Study says the Internet is not reducing TV viewership

Breathe easier, Hank Hill, Ally McBeal and Frasier -- the Internet is not robbing you of your viewers. Not yet, anyway.
Written by ZDNet Staff, Contributor

At least that's the contrarian opinion issued Wednesday by market researcher Nielsen Media Research Inc., throwing cold water on earlier surveys that found people dialling back their TV viewing to spend more time Web watching. "The early indication is that just because a home has access to the Internet, we are not seeing a corresponding decrease in TV tuning," said Jack Loftus, vice president of communications for NMR. The study refutes several others that indicated Internet-connected households were watching less TV. In fact, Nielsen itself released a study with Internet service provider America Online Inc. in August estimating that households connected to the Internet watched 15 percent less TV.

At that time, Bob Pittman, president and chief operating officer of AOL, said that the study proved the Internet's -- and AOL's, in particular -- advantage compared to television, which is under-delivering to upper-demographic Internet/online households." Discovery Communications Inc., owner of the Discovery channel, took exception with the AOL-Nielsen conclusions.

In September, the cable channel published a different set of conclusions based on the same data as the AOL-Nielsen report. By looking at the more than 2,200 people in the study that had participated in a similar study the year before, Discovery found that gaining access to the Internet did not change the viewing habits over that year.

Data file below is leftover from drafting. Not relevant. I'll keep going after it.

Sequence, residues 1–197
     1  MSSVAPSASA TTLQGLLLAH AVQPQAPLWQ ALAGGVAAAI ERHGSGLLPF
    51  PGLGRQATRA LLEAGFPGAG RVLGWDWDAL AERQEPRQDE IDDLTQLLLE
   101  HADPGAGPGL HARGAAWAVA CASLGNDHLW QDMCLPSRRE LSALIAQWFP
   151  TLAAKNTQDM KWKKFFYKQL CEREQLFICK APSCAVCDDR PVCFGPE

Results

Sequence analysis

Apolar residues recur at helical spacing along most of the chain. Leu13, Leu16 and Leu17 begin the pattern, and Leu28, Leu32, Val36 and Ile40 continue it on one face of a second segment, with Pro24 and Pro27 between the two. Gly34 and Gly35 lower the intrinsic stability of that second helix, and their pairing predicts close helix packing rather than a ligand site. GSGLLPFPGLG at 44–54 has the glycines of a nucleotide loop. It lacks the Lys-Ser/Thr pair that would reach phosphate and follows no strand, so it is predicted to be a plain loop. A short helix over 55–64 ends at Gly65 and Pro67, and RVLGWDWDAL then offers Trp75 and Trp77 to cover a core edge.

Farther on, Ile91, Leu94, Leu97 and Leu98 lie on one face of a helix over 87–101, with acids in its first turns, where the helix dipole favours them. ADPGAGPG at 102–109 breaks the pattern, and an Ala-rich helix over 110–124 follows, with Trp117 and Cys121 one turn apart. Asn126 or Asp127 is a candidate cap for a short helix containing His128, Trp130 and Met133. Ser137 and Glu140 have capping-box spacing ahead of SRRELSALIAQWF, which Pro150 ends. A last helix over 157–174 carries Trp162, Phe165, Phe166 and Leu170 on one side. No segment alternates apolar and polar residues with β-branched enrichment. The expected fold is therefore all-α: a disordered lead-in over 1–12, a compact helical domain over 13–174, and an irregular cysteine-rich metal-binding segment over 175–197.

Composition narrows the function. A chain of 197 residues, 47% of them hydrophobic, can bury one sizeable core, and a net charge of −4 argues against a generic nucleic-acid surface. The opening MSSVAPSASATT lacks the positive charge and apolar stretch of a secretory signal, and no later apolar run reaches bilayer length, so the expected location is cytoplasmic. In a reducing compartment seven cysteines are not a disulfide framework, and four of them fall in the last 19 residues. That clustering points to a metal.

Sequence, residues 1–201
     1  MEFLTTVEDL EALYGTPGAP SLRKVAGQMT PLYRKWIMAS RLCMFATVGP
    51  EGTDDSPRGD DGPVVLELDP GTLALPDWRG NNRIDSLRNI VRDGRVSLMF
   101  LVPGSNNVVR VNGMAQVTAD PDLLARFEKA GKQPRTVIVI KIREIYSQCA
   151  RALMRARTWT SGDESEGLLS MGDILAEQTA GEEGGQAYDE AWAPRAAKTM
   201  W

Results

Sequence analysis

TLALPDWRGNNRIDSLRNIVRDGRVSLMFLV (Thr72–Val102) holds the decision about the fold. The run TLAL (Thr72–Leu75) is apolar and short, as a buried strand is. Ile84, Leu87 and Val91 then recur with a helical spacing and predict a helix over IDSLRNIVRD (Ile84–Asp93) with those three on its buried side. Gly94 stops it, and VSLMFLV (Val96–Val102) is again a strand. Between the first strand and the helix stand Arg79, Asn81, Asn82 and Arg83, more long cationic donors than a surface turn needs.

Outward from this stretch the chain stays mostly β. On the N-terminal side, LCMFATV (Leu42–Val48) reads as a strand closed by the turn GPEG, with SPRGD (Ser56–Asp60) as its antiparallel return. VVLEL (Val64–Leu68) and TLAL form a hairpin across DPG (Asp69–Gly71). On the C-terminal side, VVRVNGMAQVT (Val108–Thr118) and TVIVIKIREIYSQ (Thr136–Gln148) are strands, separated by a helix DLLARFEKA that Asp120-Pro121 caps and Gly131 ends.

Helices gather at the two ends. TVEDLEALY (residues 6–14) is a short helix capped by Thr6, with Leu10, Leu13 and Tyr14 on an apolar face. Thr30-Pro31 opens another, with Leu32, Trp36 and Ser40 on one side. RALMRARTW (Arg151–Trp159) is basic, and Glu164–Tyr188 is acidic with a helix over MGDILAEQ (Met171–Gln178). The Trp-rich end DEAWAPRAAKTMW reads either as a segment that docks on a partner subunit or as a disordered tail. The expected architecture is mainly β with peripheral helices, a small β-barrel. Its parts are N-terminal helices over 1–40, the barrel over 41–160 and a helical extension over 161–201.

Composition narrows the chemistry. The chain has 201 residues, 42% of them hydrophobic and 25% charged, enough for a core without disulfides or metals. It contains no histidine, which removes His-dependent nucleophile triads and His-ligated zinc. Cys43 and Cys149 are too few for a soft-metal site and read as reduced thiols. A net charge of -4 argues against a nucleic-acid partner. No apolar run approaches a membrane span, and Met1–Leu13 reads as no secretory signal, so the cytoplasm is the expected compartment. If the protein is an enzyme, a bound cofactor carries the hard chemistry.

The current NMR study points to other factors behind the decrease in TV viewing. The survey followed 5,000 households over a six-month period, dividing them into three categories: households lacking Internet access, a group with access and a third that started using the Internet during those six months. Both groups that had Internet access by the end of the six months had their TVs on about 26 percent of the time compared with the 31 percent for the group without Internet access. Neither groups' viewing time changed during the period, except that men who gained access to the Internet tended to watch less TV, stated the report.

The conclusions did not refute the AOL-Nielsen's study, just AOL's spin on the data. In fact, in August, NMR'S vice president Paul Lindstrom said in a statement, "The findings from this [the AOL-Nielsen] study are consistent with other research indicating that online households are more upscale than their unconnected counterparts, and that upper-demographic homes, as a whole, watch less television than the U.S. average."

In other words, the Internet is not stealing its audience from TV, but attracting viewers who were not big TV watchers in the first place, said Julia Pickar, industry analyst with Internet watcher Zona Research Inc. "People's media diet doesn't change because of the Internet," she said. "People are just finding what's right for them."

NMR hopes six-month check-ups of its test groups will reveal more information, such as what types of programming are most resistant to the Internet and which segments of the population watch less TV. "You need a series of snapshots -- this is only the first," said Loftus.

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